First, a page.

Over the past few months since the MSU DAI workshop ended, Lisa and I have been hemming and hawing about our OssuaryKB project. We were hitting road-blocks in design, functionality and audience- unable to get a solid idea of how exactly the entire project would work, what tools we would use and how this would appeal to stakeholders.
But then we realized the problem: the project that we really wanted to make, a tool for the public to learn more about mortuary archaeology, was not what we were actually doing. So we are changing things up and producing something that we are passionate about and really think will be an asset in today’s digital landscape.
We are proud to announce… TOMB: The Online Map of Bioarchaeology
Increasingly the public is becoming interested in human remains in the past, however, there is no single place that they can go to for a simplified education on the topic that hasn’t been created by popular media. This site will act as a resource for the public, students, educators, and scholars alike. It will provide transparency about the use of human remains for research, and show the diverse range of research and locations where this is occurring.
Using Pleiades and Atlas Obscura as exemplars for the site construction, we will be creating an interactive map of case studies and examples from mortuary archaeology and bioarchaeology. The purpose of this site is to provide a place for students and the public to learn more about the amazing diversity of mortuary research that is occurring in the world, but also about variation in funerary methods. It will also serve as a place for anthropologists to share their research on these topics, and provides updates on what it occurring in the broader study.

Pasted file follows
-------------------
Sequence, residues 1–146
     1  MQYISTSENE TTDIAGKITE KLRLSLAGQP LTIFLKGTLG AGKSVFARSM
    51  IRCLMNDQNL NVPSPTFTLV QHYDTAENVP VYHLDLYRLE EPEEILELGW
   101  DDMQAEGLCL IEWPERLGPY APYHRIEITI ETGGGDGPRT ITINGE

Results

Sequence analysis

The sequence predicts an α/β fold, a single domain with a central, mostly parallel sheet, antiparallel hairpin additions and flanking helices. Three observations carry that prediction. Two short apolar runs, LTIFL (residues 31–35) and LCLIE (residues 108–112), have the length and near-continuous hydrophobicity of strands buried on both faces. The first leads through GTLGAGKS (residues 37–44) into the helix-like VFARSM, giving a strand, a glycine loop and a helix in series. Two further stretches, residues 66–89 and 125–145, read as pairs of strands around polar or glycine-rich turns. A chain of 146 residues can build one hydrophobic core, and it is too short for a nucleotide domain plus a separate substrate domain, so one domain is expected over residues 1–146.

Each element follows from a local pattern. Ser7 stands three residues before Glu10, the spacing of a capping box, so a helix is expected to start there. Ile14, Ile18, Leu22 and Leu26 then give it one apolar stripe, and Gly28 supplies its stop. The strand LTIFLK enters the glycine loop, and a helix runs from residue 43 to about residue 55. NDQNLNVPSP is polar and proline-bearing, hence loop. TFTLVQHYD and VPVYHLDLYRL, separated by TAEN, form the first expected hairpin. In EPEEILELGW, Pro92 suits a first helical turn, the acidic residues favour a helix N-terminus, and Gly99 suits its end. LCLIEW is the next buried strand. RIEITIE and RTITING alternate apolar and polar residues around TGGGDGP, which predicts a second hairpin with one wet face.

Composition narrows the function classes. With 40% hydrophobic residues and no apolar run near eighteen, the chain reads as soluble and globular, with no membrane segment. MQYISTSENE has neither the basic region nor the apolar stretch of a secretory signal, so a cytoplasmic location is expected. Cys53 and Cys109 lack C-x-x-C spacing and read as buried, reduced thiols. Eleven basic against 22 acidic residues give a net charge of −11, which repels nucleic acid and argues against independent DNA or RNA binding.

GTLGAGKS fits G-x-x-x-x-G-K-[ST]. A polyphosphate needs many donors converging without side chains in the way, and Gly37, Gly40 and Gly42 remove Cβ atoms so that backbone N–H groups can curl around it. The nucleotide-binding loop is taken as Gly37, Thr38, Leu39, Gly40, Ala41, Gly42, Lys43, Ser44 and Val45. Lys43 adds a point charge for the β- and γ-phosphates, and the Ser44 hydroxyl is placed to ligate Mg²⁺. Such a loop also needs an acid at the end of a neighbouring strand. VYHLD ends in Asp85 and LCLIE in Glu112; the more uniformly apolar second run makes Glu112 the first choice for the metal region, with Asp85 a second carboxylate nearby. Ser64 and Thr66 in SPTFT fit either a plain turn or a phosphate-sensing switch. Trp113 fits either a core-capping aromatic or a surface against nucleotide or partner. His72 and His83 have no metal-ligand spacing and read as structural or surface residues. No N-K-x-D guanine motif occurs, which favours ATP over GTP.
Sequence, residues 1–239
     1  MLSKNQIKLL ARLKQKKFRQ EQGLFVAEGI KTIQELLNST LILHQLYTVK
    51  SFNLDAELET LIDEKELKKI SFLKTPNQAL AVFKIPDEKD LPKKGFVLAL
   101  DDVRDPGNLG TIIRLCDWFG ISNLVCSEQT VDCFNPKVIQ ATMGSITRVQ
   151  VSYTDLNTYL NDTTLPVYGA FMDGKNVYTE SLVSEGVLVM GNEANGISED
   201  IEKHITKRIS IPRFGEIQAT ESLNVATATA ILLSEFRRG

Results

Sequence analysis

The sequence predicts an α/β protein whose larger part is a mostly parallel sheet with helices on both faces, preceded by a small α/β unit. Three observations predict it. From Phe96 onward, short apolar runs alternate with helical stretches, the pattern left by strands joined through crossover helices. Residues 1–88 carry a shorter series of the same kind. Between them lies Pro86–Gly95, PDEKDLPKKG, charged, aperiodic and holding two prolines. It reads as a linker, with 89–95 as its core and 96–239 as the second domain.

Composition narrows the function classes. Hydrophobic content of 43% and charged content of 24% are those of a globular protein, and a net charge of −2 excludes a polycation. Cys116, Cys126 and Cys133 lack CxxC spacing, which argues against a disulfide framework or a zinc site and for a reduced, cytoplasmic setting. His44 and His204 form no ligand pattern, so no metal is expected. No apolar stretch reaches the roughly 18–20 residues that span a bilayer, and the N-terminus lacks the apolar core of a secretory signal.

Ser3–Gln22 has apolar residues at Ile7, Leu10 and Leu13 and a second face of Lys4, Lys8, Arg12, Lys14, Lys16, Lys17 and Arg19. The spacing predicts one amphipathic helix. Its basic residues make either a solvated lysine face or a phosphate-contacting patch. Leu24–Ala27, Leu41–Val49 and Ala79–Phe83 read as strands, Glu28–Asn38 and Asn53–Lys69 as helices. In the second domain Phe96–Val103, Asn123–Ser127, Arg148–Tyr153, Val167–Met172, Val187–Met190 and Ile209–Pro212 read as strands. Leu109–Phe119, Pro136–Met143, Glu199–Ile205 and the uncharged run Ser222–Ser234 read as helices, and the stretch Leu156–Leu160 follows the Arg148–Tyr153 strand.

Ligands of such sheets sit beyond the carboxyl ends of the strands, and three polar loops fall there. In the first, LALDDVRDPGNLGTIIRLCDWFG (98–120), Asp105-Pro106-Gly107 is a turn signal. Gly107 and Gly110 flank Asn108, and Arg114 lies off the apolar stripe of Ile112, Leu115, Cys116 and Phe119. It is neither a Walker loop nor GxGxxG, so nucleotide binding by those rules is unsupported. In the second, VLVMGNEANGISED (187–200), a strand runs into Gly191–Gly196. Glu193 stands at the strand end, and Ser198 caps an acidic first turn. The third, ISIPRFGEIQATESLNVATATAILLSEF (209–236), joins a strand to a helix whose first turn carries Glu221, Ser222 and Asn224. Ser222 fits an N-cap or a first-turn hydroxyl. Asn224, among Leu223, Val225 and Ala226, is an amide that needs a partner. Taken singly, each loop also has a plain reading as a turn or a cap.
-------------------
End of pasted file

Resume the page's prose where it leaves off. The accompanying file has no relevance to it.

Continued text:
The project will begin by adding sites from around the world that are organized based on broad topics, such as type of disposal, type of research, period, location, researchers, etc. It will primarily be based around a map interface that will allow users to select certain variables for exploring mortuary sites, such as type of disposal, research done, period, cultural affiliation, etc. Each site can be selected to view more detailed information about who completed the research and what has been written about it. The goal is to provide a brief overview of each site. The site will be based on a combination of Bootstrap and Leaflet, and will pull data from a GeoJSON file.
For the first iteration of the project, we will have a selection of five different types of burials, and five different foci in bioarchaeology and mortuary archaeology. Users will be able to search for specific themes, like paleopathology, and learn about where this research is going on, or look up disposal types like cremation and see where and when this practice is in use. In addition to this, we will have resources on the site for users to learn the background of this type of study, where to learn more, and how to integrate this into teaching and education.
We are excited for this development in our project, and are looking forward to creating TOMB.